The one thing that really surprised me about Megastar is how quickly bands can move up and down the charts. For example in one countdown the top band moved from the first position all of the way to the last position. Since the top band can’t move up in a countdown, players can’t do anything to prevent this from happening. It is kind of hard to form a strategy when things can change that quickly.
These quick changes prevent you from really developing much of a strategy until the final rounds. Developing a strategy before that is kind of pointless since you have no idea how things will turn out at the end of the game. The early rounds kind of feel like you are just guessing at which bands will be in a good position at the end of the game. By the time when you can actually start to grasp which bands will do well, it is too late to make any big changes to your strategy.
The other thing that I feel prevents a lot of strategy in the game is the fact that no individual player can have a big impact on the game unless another player ends up joining them in a particular action. This may not be the case in the two and three player games, but in a four player game you only have one fourth of the power in deciding which bands go up and down. If none of the other players are collecting your color you are doomed to failure since you will never have enough influence to get your bands to the top of the charts.
Thus in order to do well in the game you are very reliant on what the other players end up doing. In the game I played two players ended up going for the same color so they indirectly ended up helping each other out. Not surprisingly those two players placed first and second while the two players who didn’t get help from another player lost by quite a bit. It is kind of a weird dynamic in the game where you don’t want to help the other players but at the same time you need to work together in order to both benefit.
The only real strategies in the game involve how you want to distribute the cards in your hand and when to time your attempt to raise your band to the top of the rankings.
As far as card distribution is concerned, you pretty much have two choices. You can either evenly spread out your cards between all of the colors or you could end up focusing on two or three colors. Spreading out your cards amongst all of the colors is the low risk strategy. You will most likely never be last but you probably will rarely ever win. You are better off with the all in strategy of picking two main colors and then maybe a third secondary color. The only problem with this strategy is that you need to time your band movement perfectly and you need another player trying to go for the same color as you are.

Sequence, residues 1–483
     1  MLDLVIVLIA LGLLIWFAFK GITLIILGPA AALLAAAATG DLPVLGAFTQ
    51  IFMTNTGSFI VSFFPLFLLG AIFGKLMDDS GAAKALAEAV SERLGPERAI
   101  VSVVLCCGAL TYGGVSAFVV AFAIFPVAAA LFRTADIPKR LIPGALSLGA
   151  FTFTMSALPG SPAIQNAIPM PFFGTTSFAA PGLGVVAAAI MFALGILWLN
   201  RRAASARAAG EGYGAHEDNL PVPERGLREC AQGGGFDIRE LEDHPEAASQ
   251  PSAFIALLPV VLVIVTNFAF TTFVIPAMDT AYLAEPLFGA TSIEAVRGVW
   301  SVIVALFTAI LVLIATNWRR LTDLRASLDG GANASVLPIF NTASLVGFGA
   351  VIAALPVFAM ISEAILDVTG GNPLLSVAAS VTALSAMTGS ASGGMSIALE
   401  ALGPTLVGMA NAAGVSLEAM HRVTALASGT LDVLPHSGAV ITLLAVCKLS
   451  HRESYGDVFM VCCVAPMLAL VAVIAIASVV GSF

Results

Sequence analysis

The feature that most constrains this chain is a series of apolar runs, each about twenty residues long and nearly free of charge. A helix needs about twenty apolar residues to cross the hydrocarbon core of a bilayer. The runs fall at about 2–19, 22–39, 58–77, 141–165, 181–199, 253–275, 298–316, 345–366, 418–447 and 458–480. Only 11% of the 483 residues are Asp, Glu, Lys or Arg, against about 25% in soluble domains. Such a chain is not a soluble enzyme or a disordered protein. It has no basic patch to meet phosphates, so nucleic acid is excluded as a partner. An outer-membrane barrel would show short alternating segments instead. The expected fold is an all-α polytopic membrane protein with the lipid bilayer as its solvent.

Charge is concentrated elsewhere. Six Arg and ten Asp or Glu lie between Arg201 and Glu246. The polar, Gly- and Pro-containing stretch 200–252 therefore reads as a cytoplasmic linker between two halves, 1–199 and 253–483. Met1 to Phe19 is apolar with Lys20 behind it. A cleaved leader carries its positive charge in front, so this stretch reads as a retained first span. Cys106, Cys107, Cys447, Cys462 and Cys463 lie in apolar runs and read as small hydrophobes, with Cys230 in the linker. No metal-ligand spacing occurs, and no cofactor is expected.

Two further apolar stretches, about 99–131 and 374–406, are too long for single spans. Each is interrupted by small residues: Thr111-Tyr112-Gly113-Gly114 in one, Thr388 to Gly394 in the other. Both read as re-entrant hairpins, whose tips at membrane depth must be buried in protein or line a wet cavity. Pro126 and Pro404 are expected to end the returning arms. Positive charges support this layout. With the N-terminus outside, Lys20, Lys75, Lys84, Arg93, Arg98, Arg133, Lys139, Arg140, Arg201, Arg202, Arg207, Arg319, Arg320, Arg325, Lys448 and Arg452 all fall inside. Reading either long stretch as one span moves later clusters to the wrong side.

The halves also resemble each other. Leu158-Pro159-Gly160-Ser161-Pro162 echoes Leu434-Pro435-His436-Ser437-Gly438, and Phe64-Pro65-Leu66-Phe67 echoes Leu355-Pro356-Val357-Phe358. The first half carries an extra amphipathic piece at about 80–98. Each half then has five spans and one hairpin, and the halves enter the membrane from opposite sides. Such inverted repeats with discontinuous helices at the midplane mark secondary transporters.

The most strategic decision in the game is timing. Timing when to get your band to the top of the charts is crucial to victory. If you don’t time your move correctly you will lose the game. If you make your move too early your band will likely fall back before the game ends. If you make your move too late you won’t have enough time to get your band up to the top. For most of the game you want to try to keep your band towards the middle of the pack (preferably 3rd or 4th place). When you reach the last couple of rounds you need to try moving up the band as far as you can.
The problem is that these strategic decisions rely on luck. No matter what you decide to do, you opponent’s decisions will have a great impact on how successful you are. This makes the game a lot less strategic than you would hope.
Despite not being as strategic as I was hoping, I still had fun playing Megastar. In order to enjoy the game you just have to adjust your expectations. You need to accept that there is no true strategy that will help you win the game. All you can do is make some moves and hope that the chips fall your way. If you are the type of gamer that needs a game to have straight forward paths to victory, I think you may get frustrated with Megastar.
Should I Keep It Or Play It?